nothing wasted

Yesterday, while I was picking vegetables and herbs to make a tomato pie, I discovered two Black Swallowtail (Papilio polyxenes) butterfly caterpillars in the Dill plants. That wasn’t really such a big surprise, but it was neat to find that one of the caterpillars had just molted (see above photo – click on all photos for larger views). I’ve reoriented the above photo to the horizontal, but picture the caterpillar climbing upwards, leaving its previous outer “skin” behind. The remnants reminded me of a discarded leotard outfit. If you examine it closely, you’ll see that it has small spines sticking out in a few spots. That’s because the previous instar (life stage) of this caterpillar had spines before it molted. The current instar does not have spines — it left them behind when it “moved out”. The other caterpillar on the Dill hadn’t molted yet and still had spines. You can see that in the pair of photos that I took this morning (see below).

A little while after taking the above photo yesterday, I went back outside, intending to take a couple of more shots of the molted caterpillar. However, by the time I went out, the caterpillar had turned around on the dill and the skin was gone. As you might remember from last year’s post about the Monarch cats, I found them eating their molted skins, so that’s likely what happened in the case of the Black Swallowtail caterpillar. Lots of good nutrition there and in the natural world, very little is ever wasted. I wonder if the caterpillar ate the spines, or if it left them the way the Monarch cats left their little feet last year?

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11 Responses to “nothing wasted”

  1. robin andrea Says:

    The detail in the first pic is just breathtaking. What a great moment, finding that discarded skin, and just in time. I finally found a few moths out and about. Of course, I can’t ID them, but I was delighted to find three different species! Yay, the sun is out.

  2. meeyauw Says:

    Thank you for this post; it is so beautiful and informative. I have been wondering what these butterflies look like before they “are.”

  3. bev Says:

    robin – Yes! I was quite excited to find the caterpillar with the skin. I so rarely manage to catch creatures just leaving their exuviae — for example, I’ve only photographed a couple of grasshoppers in the midst of a molt. Glad to hear that the sun is out and that you’re finding some moths. I’m hoping to see insects this autumn if I get out to the west — perhaps the season will straggle on for awhile as it has been cool so much. Here, with the heat and humidity, everything seems to be racing to an end.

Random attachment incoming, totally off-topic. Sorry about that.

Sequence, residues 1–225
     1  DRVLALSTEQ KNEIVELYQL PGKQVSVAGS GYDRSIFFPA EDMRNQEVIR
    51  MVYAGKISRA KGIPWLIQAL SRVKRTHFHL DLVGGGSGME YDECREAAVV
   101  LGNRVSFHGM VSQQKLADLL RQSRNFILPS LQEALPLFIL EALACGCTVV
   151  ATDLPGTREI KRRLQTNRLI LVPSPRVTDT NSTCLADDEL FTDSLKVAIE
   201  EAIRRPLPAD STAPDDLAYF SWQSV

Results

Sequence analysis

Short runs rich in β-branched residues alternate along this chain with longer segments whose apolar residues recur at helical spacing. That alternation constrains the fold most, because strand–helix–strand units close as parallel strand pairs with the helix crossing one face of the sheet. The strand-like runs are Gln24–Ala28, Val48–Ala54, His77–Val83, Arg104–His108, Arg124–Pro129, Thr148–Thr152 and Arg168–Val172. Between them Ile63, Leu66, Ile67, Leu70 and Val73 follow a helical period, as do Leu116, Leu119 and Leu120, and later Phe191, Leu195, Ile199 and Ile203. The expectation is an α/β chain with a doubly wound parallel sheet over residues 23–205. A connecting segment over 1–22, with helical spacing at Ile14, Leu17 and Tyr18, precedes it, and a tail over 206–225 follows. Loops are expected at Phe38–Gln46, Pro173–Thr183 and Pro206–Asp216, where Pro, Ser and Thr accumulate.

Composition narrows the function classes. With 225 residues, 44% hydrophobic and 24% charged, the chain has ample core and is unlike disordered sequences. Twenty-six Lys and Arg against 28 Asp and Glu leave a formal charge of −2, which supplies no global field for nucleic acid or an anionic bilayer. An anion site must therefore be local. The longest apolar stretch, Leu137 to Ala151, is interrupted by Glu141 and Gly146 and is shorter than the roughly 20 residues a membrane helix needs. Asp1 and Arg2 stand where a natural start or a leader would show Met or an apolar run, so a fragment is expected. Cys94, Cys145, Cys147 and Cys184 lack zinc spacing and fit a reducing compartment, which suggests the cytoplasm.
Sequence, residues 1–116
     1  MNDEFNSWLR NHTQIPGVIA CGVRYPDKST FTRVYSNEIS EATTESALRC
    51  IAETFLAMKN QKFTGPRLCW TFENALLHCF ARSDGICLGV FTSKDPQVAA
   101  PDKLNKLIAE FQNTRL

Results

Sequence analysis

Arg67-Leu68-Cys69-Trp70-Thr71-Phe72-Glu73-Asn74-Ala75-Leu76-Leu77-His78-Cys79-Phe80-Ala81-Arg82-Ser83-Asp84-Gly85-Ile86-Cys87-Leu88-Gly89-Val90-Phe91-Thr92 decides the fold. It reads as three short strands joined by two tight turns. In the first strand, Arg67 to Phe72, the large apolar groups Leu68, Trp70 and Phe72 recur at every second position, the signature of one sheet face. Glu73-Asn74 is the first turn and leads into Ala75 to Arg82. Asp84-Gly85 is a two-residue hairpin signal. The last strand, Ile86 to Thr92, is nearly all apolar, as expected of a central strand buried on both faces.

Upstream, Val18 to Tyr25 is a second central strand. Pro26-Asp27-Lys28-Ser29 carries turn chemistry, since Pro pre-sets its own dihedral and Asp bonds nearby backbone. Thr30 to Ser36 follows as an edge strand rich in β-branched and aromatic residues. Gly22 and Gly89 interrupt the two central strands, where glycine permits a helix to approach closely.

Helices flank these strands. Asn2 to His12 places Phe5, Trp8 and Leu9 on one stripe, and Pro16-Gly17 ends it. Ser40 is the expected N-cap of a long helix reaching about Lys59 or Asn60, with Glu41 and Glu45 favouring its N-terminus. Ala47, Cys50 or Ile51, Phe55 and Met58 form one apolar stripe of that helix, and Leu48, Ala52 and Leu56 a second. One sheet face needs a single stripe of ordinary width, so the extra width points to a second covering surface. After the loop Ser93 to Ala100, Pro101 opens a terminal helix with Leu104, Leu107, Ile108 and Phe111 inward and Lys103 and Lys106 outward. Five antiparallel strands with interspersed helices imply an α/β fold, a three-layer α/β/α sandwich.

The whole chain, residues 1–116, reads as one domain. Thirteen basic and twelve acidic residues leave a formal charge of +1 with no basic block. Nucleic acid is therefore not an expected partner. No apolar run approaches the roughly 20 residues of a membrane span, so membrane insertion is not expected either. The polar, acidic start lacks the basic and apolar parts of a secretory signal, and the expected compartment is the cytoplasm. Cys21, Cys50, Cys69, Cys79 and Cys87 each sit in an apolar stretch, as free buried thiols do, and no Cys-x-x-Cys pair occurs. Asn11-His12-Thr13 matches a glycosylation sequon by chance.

meeyauw – The Black Swallowtails are so beautiful. A few years ago, when I first found one of their caterpillars, it was nice to make the connection and found out what they turned into.

  4. John Says:

    Bev, beautiful photos! I thought of you yesterday as I stopped at a roadside information center, where there were literally dozens of HUGE cidacas littering the front entryway. If only I were a much better photographer and had a more cooperative camera, I would have captured shots and sent the me to you for analysis!

  5. pablo Says:

    I never knew that about caterpillars, but I can see how it would make sense to re-use the resources that way.

    Nice pix, by the way.

  6. Dave Says:

    How do you make a tomato pie?!

  7. Stuart Says:

    Hi Bev, love the pics especially the top one. I find it bizarre that they’d eat their own skin but as you say in the natural world very little is wasted.

  8. bev Says:

    John – Yes, I would have liked to see those cicadas as we seem to see mainly one species up in my area. Btw, most digital cameras do have a “macro mode” setting and can take respectable photos of insects from a few inches away. It would be worth checking to see if your camera has that. If you can’t figure it out, give me the model of your camera and I can probably find out fairly easily.

    pablo – I never knew that either until I raised the Monarch cats last summer. As you say, it makes sense.

    Dave – Maybe I should post the recipe. I’ll try to do that a.s.a.p.

    Stuart – Actually, it seems a natural thing in nature. When I kept a large herd of dairy goats, the mothers would lick off their newborn kids and also eat the placenta if I didn’t remove it from the pen immediately. I suspect it provides some nutrition, but perhaps more importantly, in the wild, it would have helped to prevent predators from being attracted by the scent of blood, etc… As there are so many predators of caterpillars, perhaps eating the molted “skin” serves a similar purpose — one less thing to attract unwanted attention.

  9. Cathy Says:

    Bev~ My jaw is on my chest in wonderment. These are the most fantastic photos! They turn around and EAT their discarded skins!? Well I’m just delighted with this bit of bug behavior. Those monarch feet! You are the BEST!

  10. Dylan Says:

    hi i enjoyed the read

  11. Randa Says:

    Hi Bev. I just posted a similar photo on my blog the other day, asking anyone who knew what it was to fill me in. As I posted it, I thought of you…”Bev would know for sure…” Happily I soon received a response, and was delighted to learn what it was. Interesting to see that you posted about it a week ago ;)

    P.S. The caterpillar is still hanging around my celeriac. I hope it stays for a while so that I can continue to watch it.